February 28, 2016 at 1:27 pm
Mosher, you are over the top again. My post was nothing about Velikofsky’s comparative mythology ‘evidence’ nonsense. Nor does his nonsense repeal Newton’s celestial mechanics (laws of motion), which make his speculations about Mars and Venus beyond nonsense. McMillan fired the editor who decided on publication as a science book within their imprint on grounds of incompetence (manifestly so), and transferred the imprint to Doubleday (publishes fiction and non fiction) to remove stigma from McMillan (publishes science books and textbooks).
Velikofsky published a second edition removing most of his damning appendix arguing against Newton, and then in 1965 a new edition with a different preface and an epilogue about the controversy. It is still in print as a paperback, and an ebook version is available. Just checked.
Dr. Ball got that that part of his narrative factually distorted.
lsvalgaard got a snipe in some time later, quoting Tim Ball's article and writing:
February 28, 2016 at 12:11 pm
This is Velikovsky’s final word on the matter
That you are pushing Velikovsky just shows how deep the scientific illiteracy rot has gone.
That drew a late response and slight backtrack from Tim Ball, who complained that he wasn't pushing Velikovsky, he was just arguing that real scientists were wrong to pan his nonsense and push Macmillan Publishers to remove it from their scientific texts list (eg to class it as fiction, not science). BTW here's an overview of the Harvard Hasty Pudding Club. JFK was a member :)
February 28, 2016 at 4:32 pm
Wrong! I am not “pushing” Velikovsky. Why don’t you read carefully without automatically and almost immediately putting on your blinders? I was using Velivovsky to illustrate how mainstream academia reacts when somebody dares to suggest anything other than what they push. Step outside their prevailing wisdom and they disclose their tunnel vision and prejudices quickly and nastily. Harlow Shapley’s despicable behavior in the matter was exposed by the letter he wrote to Macmillan threatening wto get all academics to withdraw their textbooks. The letter was obtained and revealed by the Harvard Hasty Pudding Club.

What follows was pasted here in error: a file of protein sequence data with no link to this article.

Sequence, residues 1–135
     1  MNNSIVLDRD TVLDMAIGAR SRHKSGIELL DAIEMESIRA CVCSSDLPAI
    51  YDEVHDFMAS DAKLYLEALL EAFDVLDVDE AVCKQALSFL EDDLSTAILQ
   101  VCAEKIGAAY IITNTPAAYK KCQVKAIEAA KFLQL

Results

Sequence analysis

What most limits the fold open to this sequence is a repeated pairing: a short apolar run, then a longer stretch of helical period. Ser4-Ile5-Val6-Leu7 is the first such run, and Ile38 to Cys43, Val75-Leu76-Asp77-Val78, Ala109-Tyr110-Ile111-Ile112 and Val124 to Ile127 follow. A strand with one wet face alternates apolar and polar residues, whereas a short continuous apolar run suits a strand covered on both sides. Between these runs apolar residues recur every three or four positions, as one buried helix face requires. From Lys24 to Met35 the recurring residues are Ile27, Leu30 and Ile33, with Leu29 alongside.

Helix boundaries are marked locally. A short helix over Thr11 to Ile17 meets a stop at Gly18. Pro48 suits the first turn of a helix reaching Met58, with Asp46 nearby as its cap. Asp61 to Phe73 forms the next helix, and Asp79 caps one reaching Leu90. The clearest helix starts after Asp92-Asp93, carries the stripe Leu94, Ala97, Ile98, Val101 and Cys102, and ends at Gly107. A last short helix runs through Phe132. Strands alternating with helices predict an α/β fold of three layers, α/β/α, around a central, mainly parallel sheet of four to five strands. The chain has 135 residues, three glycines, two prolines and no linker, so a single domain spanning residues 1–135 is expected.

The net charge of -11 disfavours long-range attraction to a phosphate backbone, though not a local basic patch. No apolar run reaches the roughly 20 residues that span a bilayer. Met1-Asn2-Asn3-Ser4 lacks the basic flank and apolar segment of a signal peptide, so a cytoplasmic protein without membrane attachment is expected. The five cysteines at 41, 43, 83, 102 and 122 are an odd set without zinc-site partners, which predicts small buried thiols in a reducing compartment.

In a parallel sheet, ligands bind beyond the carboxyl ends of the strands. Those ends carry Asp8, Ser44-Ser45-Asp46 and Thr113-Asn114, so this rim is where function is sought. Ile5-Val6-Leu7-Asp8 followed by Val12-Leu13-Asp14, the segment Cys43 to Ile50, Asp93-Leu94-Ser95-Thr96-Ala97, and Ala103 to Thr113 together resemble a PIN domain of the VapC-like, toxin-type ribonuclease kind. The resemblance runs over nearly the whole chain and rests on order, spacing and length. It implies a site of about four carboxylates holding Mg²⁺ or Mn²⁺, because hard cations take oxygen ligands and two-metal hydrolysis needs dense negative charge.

You'll notice that Tim also shifted his complaint from Carl Sagan to Harlow Shapley, which undermines his "higher CO2 levels" argument in his main article. (Not that anyone noticed.) Maybe Tim decided to read the Wikipedia article, and might have even "believed" some of it. According to Wiki:
In Cosmos, Sagan also criticizes the scientific community for their attitude toward Velikovsky, stating that while science is a process in which all ideas are subject to a process of extensive scrutiny before any idea can be accepted as fact, the attempt by some scientists to suppress outright Velikovsky's ideas was "the worst aspect of the Velikovsky affair." 
KiwiHeretic is a fan of Velikovsky, claiming his predictions have come true. Is he confusing him with Nostradamus (who people like to love)? He also claims that Carl Sagan thought something about hollow moons and aliens. WTFUWT? (It seems to all mixed up with a Mars aliens conspiracy theory that's new to me, but old. And no - Carl Sagan did not believe or promote the view that the Mars moon was a hollow structure where alien cities existed.)
February 28, 2016 at 6:43 pm (an excerpt from a longer comment with more wacky notions)
It’s interesting but predictable that the anti-Velikovsky venom still flows freely after all these years. As pointed out by a number of observers during the Velikovsky scandal, he must be the luckiest thinker who ever lived for having made so many correct prior claims (‘predictions’) on the strength of a supposedly flawed theory. If he was so wrong, as many Sagan worshippers on this forum seem to believe, how could he have made so many correct predictions based on his ideas? Was he just lucky? What would be the chances of that? I keep hearing people claim with authority that Velikovsky was necessarily wrong or that he was deluded, but I never hear anyone explain precisely why he must be. It is enough for them merely to say so. They then quote Sagan as their authority because Sagan wrote a book denouncing Velikovsky as a fraud. Little mention is ever made of the fact that Sagan himself never read Velikovsky’s books and was known himself for having come up with crackpot ideas like his belief, peddled in the mid-sixties, that Phobos (one of the moons of Mars) was hollow and peopled by aliens. ...
February 28, 2016 at 3:22 pmI read a couple of Velikovsky’s books, including Worlds in Collision. Very persuasive, IMO. Has anyone refuted his (correct) prediction that Venus would have a retrograde revolution?